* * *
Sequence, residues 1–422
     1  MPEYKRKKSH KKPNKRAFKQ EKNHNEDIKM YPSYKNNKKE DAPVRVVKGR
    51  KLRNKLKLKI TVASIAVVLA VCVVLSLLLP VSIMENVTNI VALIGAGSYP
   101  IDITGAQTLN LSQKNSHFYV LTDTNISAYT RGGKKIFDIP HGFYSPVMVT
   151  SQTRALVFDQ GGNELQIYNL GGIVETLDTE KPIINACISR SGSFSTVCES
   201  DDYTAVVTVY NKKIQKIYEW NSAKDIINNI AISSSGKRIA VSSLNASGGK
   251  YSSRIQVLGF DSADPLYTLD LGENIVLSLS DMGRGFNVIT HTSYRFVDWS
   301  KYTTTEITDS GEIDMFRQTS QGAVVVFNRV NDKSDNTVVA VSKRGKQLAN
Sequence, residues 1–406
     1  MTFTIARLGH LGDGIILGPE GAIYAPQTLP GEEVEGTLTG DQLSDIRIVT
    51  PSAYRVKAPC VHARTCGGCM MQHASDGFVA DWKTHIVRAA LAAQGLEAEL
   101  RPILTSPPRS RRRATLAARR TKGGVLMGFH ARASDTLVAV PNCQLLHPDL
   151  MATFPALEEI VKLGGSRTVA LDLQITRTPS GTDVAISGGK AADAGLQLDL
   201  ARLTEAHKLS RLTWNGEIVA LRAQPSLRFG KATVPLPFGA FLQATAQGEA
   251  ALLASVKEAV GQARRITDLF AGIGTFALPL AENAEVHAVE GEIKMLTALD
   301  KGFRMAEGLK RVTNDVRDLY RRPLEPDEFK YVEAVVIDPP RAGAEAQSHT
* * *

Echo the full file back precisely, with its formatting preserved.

Sequence, residues 1–422
     1  MPEYKRKKSH KKPNKRAFKQ EKNHNEDIKM YPSYKNNKKE DAPVRVVKGR
    51  KLRNKLKLKI TVASIAVVLA VCVVLSLLLP VSIMENVTNI VALIGAGSYP
   101  IDITGAQTLN LSQKNSHFYV LTDTNISAYT RGGKKIFDIP HGFYSPVMVT
   151  SQTRALVFDQ GGNELQIYNL GGIVETLDTE KPIINACISR SGSFSTVCES
   201  DDYTAVVTVY NKKIQKIYEW NSAKDIINNI AISSSGKRIA VSSLNASGGK
   251  YSSRIQVLGF DSADPLYTLD LGENIVLSLS DMGRGFNVIT HTSYRFVDWS
   301  KYTTTEITDS GEIDMFRQTS QGAVVVFNRV NDKSDNTVVA VSKRGKQLAN
Sequence, residues 1–406
     1  MTFTIARLGH LGDGIILGPE GAIYAPQTLP GEEVEGTLTG DQLSDIRIVT
    51  PSAYRVKAPC VHARTCGGCM MQHASDGFVA DWKTHIVRAA LAAQGLEAEL
   101  RPILTSPPRS RRRATLAARR TKGGVLMGFH ARASDTLVAV PNCQLLHPDL
   151  MATFPALEEI VKLGGSRTVA LDLQITRTPS GTDVAISGGK AADAGLQLDL
   201  ARLTEAHKLS RLTWNGEIVA LRAQPSLRFG KATVPLPFGA FLQATAQGEA
   251  ALLASVKEAV GQARRITDLF AGIGTFALPL AENAEVHAVE GEIKMLTALD
   301  KGFRMAEGLK RVTNDVRDLY RRPLEPDEFK YVEAVVIDPP RAGAEAQSHT